4.3. RNA Isolation and Real-Time qPCR Analysis

Three L. monocytogenes strains (A58, Lm106, Lm228) were used to evaluate the expression levels of plasmid-encoded genes under salt and acid stress conditions. Lm106 and Lm228 were selected to represent G1 and G2 plasmid strains, respectively, as both of their plasmids contained a large number of genes (21–22 with functions) that were highly prevalent (>50%) among plasmids belonging to these groups. Strain A58 was included because it uniquely contained both a G1 and a G2 plasmid and we were interested in comparing the expression levels of similar genes found in both plasmids.
One colony from each of the three L. monocytogenes strains was inoculated into 10 mL of BHIB and incubated at 30 °C for 18 h. The cultures were then diluted to 107 CFU/mL in either fresh BHIB, BHIB+6% NaCl (w/w), or BHIB adjusted to pH 5 and again incubated at 30 °C. At the mid-exponential phase (108 CFU/mL, A600nm = 0.08–0.1), the cellular metabolism was halted by adding 10% phenol:chloroform (Fisher Scientific) in ethanol solution pre-chilled to −80 °C in a 1:10 volume to the sample. The tubes were vortexed briefly and then centrifuged immediately for 10 min at 4696× g and 0 °C. The supernatants were removed and the resulting pellets were stored at −80 °C. Four biological replicates were performed for each strain and treatment combination.
The total RNA was isolated and purified using the PowerMicrobiome™ RNA Isolation kit (MO BIO Laboratories, Carlsbad, CA, USA) per the manufacturer’s protocol. RNA integrity numbers (RINs) were determined using the 2100 Bioanalyzer (Agilent, Santa Clara, CA, USA). Samples with a RIN between 9.7 and 10 were converted to cDNA using the QuantiTect Reverse Transcription Kit (Qiagen, Valencia, CA, USA) per the manufacturer’s protocol. Primers for select genes (Table A2) were designed using Primer3 Plus available on the NCBI server (https://www.ncbi.nlm.nih.gov/tools/primer-blast/) and our draft whole-genome sequences for the strains. qPCR was conducted in a CFX96 TouchTM Real-Time PCR Detection System (BioRad, Hercules, CA, USA) using SsoAdvancedTM Universal SYBR Green ® Supermix (BioRad, Hercules, CA, USA). The thermocycling parameters used were as follows: initial denaturation for 30 s at 98 °C, followed by 40 cycles of denaturation for 30 s at 95 °C and elongation for 40 s at 57 °C for 40 s. Melting curves were subsequently performed at 65 °C using 0.5 °C increments. The relative expression levels of the plasmid-encoded genes were calculated using the 2−ΔΔCT method [92] with 16S rRNA as the reference gene [93]. Genes with an average fold change >1 or < −1 log2 were considered statistically induced or suppressed, respectively.

4.4. Stress Tolerance Comparisons of Wildtype and Plasmid-Cured Strains

Wildtype (Lm10, Lm20) and plasmid-cured strains (Lm10_PC, Lm20_PC) were compared on their ability to grow under salt and acid stress conditions using previously described protocols [30]. Cultures were grown to stationary phase in BHIB at 30 °C and then diluted in either BHIB+6% (w/w) NaCl or BHIB was adjusted to pH 5 to achieve a final concentration of 107 CFU/mL in 96-well plates (Costar™ clear polystyrene, Fisher Scientific) that were then incubated at 25 °C in a microplate reader with the absorbance set to 600 nm (Spectramax, V6.3; Molecular Devices, Sunnyvale, CA, USA). The resulting growth curves were fitted to the Baranyi and Roberts model [94] using DMfit (v3.5) available on the ComBase browser (http://browser.combase.cc/DMFit.aspx). The entire experiment was repeated three times and model parameters of the three biological replicates were compared between the wildtype and plasmid-cured (PC) strains using Student’s t-test with a 95% confidence level (p < 0.05).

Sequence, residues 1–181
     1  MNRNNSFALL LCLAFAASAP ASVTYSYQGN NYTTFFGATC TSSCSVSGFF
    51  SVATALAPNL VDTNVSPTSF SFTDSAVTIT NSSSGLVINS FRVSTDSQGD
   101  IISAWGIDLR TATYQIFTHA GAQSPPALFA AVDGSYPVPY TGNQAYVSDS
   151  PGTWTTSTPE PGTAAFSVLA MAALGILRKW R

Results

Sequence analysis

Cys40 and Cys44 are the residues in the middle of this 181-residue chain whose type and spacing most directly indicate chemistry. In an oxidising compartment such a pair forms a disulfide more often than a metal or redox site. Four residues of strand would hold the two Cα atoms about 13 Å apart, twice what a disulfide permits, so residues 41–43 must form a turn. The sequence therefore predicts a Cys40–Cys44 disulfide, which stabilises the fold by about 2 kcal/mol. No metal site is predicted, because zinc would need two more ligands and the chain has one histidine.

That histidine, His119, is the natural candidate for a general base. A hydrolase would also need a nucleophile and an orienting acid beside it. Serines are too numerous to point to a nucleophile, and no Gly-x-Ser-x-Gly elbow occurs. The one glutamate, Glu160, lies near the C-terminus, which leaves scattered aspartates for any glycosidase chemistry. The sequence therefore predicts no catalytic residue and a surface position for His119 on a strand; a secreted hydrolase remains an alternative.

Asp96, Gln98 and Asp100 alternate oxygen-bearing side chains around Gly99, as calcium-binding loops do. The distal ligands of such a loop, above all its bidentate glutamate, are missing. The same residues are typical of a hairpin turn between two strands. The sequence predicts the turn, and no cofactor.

Supplementary Materials

The following are available online at https://www.mdpi.com/2072-6651/11/7/426/s1. Table S1: Complete list of plasmid-positive strains in our L. monocytogenes collection and their associated characteristics and plasmid contig Genbank accession numbers, Table S2: Summary of all predicted genes identified on each L. monocytogenes plasmid type.

Author Contributions

Co-authors contributed to this research and manuscript in the following ways: Conceptualization, P.H., L.T.H., S.W.; Methodology, P.H., L.T.H., S.W.; Validation, P.H.; Formal analysis, P.H.; Investigation, P.H.; Resources, S.W.; Data curation, P.H.; Writing—original draft preparation, P.H..; Writing—review and editing, P.H., T.B., S.W., L.T.H.; Visualization, P.H., T.B.; Supervision, S.W.; Project administration, S.W.; Funding acquisition, P.H., S.W.

Funding

This research was supported by an investment agreement between Alberta Innovates—Bio Solutions and the University of British Columbia [FSC-12-030] as well as the Natural Sciences and Engineering Research Council of Canada [NSERC Discovery Grant RGPIN-2015-04871]. Author Patricia Hingston was funded by an NSERC CGS D Scholarship.

Acknowledgments